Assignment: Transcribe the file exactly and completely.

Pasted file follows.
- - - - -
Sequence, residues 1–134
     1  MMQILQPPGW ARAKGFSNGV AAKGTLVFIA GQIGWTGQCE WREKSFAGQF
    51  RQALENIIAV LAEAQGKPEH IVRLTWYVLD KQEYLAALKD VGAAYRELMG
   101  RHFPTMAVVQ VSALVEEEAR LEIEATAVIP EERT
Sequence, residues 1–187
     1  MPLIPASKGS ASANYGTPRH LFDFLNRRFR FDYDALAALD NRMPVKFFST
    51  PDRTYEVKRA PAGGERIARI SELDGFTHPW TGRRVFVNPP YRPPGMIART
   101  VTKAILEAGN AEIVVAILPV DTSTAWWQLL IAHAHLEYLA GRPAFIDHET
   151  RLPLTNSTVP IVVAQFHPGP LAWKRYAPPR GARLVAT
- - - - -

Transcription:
Sequence, residues 1–134
     1  MMQILQPPGW ARAKGFSNGV AAKGTLVFIA GQIGWTGQCE WREKSFAGQF
    51  RQALENIIAV LAEAQGKPEH IVRLTWYVLD KQEYLAALKD VGAAYRELMG
   101  RHFPTMAVVQ VSALVEEEAR LEIEATAVIP EERT
Sequence, residues 1–187
     1  MPLIPASKGS ASANYGTPRH LFDFLNRRFR FDYDALAALD NRMPVKFFST
    51  PDRTYEVKRA PAGGERIARI SELDGFTHPW TGRRVFVNPP YRPPGMIART
   101  VTKAILEAGN AEIVVAILPV DTSTAWWQLL IAHAHLEYLA GRPAFIDHET
   151  RLPLTNSTVP IVVAQFHPGP LAWKRYAPPR GARLVAT